And if you’re in America? Don’t worry…hardly anyone rides the train here.

Tip #4: Always bring bottled water.

We spent our entire summer lugging around plastic water bottles with us and using them for everything–hydration for our dogs, water for brushing our teeth in the car, and distracting toys to make little swirling tornadoes as we conquered the asphalt.

After nearly passing out at the exorbitant prices of liquids in Venice (where you can enjoy a nice $8 cola or a $10 bottled water), we pooled our rapidly-decreasing euros and bought a giant 2-liter bottled water that we lugged with us the rest of the trip. It was too big to fit in my purse, so we took turns hefting it around like the Midwest hoosiers the Europeans probably thought we were. We refilled it at public fountains all day long, and even snuck it with us into restaurants, taking secret swigs from it as our waiters turned their backs on us.

My husband, filling up our infamous water bottle in Florence, Italy.

My husband, filling up our infamous water bottle in Florence, Italy.

Tip #5: Don’t read travel books and blogs at length.

I never realized how many things there were to do in the city I grew up in until I started researching it online and in travel blogs. Suddenly, it was as if a whole new world opened up to me–the possibilities for fun were endless! We could spend years in just one city, squeezing every possible experience out of endless combinations of sites and events! It was so exciting!

Yeah…until I started making lists of all the things I wanted to do in all the cities and countries we visited. Suddenly, my summer turned into pages and pages and pages of destinations. It’s a mathematical impossibility to squeeze everything out of a city when you’re on vacation. Researching it so thoroughly beforehand only made me regret all the things we couldn’t do.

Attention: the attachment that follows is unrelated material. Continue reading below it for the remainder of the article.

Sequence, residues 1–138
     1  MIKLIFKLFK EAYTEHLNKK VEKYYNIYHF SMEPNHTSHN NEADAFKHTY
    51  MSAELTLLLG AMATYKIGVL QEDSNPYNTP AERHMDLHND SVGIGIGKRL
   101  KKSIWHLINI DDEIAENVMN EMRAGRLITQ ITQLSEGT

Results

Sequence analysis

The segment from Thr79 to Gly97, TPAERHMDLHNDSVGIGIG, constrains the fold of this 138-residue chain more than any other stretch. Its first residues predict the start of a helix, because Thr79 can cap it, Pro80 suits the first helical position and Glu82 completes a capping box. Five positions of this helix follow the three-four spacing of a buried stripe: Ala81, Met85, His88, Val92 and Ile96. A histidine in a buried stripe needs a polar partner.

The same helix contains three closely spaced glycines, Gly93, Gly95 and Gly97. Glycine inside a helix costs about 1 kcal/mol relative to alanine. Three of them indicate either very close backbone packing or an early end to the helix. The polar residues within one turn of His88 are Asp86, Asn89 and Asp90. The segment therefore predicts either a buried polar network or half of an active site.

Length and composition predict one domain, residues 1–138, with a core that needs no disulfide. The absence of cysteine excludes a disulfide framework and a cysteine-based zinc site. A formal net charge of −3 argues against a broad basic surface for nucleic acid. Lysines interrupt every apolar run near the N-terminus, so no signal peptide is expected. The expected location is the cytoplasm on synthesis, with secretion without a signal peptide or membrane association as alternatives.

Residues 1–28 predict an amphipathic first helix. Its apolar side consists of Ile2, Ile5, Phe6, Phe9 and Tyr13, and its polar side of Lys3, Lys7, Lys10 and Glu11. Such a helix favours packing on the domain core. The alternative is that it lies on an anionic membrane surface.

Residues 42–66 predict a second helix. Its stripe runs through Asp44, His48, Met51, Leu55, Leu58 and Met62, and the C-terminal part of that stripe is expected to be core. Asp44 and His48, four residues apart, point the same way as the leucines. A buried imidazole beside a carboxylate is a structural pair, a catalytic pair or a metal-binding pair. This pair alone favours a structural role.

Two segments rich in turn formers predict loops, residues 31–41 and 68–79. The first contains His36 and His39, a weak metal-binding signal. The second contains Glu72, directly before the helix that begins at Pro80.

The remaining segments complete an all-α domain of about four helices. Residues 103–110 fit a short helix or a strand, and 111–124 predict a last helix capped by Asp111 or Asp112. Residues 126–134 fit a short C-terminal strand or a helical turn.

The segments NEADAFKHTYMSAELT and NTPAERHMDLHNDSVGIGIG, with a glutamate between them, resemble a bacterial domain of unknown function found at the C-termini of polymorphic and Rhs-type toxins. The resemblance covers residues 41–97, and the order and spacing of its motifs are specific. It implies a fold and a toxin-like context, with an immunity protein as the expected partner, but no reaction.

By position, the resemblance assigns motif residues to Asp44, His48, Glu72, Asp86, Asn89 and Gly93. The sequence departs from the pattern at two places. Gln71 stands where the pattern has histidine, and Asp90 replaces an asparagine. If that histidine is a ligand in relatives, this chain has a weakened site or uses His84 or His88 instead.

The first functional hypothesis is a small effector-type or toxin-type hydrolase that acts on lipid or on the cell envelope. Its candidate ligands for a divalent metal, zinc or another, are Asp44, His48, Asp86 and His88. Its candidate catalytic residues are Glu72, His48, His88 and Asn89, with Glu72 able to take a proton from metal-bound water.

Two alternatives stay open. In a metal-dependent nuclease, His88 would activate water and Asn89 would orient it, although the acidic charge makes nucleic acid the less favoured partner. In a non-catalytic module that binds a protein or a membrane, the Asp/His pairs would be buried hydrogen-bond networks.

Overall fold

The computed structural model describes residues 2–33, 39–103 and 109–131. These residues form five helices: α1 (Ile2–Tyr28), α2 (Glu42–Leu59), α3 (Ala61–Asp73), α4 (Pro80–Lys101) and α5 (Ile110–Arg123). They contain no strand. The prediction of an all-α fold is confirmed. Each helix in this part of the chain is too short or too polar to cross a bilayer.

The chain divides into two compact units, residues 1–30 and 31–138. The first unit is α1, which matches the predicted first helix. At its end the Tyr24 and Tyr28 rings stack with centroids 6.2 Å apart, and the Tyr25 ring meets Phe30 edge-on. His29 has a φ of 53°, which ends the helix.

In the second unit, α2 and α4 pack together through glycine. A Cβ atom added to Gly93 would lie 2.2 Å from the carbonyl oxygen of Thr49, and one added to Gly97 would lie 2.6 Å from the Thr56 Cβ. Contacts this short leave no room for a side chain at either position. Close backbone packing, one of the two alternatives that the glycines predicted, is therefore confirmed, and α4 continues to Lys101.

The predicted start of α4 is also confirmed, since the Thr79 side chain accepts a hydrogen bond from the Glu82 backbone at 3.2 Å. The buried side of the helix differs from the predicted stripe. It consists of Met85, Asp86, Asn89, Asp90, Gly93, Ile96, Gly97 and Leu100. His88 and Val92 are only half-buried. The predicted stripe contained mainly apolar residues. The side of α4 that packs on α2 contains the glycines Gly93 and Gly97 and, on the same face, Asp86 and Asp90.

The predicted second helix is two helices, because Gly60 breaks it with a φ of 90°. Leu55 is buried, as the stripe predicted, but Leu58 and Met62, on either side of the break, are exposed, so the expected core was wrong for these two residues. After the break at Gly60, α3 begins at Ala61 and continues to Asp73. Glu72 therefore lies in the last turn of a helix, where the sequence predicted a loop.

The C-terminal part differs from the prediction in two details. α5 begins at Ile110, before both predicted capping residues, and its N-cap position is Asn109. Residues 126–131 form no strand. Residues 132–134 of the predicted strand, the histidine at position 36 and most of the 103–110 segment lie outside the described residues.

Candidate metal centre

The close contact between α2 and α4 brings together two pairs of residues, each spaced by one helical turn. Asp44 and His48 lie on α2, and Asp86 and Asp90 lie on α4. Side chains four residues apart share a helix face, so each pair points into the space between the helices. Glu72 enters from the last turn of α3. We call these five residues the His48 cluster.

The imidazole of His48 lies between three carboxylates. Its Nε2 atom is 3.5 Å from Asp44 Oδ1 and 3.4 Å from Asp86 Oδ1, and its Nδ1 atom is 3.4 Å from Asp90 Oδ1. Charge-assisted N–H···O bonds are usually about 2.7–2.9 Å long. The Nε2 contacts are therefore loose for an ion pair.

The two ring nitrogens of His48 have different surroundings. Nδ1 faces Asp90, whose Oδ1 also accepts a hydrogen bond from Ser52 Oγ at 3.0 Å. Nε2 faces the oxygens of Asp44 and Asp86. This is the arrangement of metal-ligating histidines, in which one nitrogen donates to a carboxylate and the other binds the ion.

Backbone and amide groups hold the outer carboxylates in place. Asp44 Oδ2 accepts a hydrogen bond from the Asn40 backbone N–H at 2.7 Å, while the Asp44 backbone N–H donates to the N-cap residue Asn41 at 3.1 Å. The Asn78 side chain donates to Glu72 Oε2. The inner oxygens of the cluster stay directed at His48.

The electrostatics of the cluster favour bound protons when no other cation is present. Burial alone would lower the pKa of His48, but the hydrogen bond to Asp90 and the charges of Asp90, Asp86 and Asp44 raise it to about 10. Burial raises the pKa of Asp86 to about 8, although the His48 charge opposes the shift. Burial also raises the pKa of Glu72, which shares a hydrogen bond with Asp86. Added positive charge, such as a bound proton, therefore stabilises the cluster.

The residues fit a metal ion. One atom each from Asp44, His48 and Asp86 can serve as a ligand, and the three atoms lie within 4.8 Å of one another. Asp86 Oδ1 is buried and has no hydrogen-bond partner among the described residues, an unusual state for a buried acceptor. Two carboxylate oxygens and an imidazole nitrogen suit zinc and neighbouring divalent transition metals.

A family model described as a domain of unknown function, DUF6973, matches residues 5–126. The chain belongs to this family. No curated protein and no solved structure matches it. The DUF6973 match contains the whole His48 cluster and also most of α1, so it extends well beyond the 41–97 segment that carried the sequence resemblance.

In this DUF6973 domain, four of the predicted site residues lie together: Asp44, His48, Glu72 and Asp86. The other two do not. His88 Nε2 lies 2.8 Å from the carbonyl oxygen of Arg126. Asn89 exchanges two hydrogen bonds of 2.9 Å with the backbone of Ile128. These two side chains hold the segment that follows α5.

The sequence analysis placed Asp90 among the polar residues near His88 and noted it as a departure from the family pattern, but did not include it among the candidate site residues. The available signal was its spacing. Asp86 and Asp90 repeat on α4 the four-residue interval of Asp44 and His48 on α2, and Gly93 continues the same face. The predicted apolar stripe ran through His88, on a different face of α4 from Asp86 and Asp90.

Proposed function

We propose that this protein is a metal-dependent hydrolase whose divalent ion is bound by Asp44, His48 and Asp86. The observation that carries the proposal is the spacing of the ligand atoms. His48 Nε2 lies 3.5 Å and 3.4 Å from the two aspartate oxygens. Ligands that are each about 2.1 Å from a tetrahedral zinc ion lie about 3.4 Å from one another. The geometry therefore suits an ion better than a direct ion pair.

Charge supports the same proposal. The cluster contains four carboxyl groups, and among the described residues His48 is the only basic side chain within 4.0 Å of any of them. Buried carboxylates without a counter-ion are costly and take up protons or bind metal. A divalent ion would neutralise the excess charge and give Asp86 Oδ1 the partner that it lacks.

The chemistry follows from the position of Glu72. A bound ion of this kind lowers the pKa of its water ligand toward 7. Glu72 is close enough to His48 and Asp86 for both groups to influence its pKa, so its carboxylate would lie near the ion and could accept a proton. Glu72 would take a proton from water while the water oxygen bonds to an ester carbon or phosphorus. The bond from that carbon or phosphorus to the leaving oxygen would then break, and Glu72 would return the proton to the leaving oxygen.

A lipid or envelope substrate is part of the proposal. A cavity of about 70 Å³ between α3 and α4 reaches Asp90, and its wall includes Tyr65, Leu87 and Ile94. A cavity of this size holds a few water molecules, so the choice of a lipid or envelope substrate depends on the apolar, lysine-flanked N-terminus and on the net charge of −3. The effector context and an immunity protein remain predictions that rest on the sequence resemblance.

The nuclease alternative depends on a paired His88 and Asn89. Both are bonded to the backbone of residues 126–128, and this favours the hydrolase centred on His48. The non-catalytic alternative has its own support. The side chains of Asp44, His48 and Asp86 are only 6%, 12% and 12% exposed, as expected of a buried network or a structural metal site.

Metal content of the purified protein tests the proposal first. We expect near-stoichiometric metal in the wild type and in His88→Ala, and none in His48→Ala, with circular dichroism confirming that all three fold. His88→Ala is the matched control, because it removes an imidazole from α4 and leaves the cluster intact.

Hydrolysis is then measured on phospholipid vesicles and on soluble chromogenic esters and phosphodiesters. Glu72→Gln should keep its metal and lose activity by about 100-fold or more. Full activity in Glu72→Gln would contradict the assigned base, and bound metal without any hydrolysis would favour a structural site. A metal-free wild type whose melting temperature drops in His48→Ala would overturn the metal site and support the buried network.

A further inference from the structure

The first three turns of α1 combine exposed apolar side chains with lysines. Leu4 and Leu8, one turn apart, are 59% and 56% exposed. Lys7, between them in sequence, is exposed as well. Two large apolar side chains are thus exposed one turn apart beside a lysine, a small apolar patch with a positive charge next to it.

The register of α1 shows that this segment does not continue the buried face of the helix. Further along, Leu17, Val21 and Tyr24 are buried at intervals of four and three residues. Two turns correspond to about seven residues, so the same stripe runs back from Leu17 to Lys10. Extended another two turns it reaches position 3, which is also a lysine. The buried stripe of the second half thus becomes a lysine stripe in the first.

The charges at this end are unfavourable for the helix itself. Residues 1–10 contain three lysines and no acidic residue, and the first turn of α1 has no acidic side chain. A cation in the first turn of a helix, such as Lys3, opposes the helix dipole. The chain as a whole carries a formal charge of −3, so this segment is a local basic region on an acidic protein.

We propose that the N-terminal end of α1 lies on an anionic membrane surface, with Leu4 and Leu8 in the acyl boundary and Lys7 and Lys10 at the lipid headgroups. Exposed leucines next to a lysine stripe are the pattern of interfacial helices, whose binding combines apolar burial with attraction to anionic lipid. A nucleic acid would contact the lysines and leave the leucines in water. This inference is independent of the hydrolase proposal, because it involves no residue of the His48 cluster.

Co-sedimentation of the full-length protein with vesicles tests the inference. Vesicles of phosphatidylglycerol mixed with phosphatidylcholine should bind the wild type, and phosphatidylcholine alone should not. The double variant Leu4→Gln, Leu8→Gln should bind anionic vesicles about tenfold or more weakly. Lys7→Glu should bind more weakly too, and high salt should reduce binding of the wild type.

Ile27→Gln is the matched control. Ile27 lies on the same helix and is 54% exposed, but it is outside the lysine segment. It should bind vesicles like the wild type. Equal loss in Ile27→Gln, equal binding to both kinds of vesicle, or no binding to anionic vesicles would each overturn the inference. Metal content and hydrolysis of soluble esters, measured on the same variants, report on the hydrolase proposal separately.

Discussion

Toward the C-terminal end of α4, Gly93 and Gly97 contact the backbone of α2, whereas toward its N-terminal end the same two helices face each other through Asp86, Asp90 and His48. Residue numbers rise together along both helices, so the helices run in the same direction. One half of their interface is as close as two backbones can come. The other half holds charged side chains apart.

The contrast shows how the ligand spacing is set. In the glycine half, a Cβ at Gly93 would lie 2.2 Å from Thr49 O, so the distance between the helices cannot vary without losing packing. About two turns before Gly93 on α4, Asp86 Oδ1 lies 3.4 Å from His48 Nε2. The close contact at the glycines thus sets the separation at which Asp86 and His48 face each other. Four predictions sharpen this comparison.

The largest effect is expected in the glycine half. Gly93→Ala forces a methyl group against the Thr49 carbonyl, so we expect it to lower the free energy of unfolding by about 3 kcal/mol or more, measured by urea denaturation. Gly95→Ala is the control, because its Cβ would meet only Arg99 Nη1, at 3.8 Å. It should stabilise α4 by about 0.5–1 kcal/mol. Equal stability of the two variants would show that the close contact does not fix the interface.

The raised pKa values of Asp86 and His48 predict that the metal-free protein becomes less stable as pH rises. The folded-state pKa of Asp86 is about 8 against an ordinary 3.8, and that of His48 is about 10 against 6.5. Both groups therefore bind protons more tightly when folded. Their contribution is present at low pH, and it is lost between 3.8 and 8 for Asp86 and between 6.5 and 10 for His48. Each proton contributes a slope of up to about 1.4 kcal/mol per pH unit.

Tip #6: Flip flops are the universal vacation shoe.

I spent my entire summer in the same trusty pair of Rainbow flip-flops. After I researched long-lasting, comfortable, and durable footwear for a summer filled with walking several miles a day in Europe, as well as time spent on beaches, in hills and woods, and in cool and hot climates.

Months of meticulous research on travel and shoe forums. Weeks of walking laps around my apartment to test out pair after pair of shoes. Dozens of blisters and band-aids. It came down to 2 carefully-chosen pairs of winners and a last-minute decision to toss in the flip-flops for the Europe trip. I spent only half a day in one pair of shoes, walking miles through France, before switching to the flip flops…and never taking them off again for the rest of the summer.

And my feet never felt better.

There you have it, friends. Six travel tips that will change your vacationing life.

Now, to daydream about our next vacation….

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One response

29 01 2013
Drew

I appreciate your comments about the Rainbow flip-flops. It’s pretty much all I’ve worn for the past several years, and I find no reason to change. I’m grumpy like that. But my feet love me.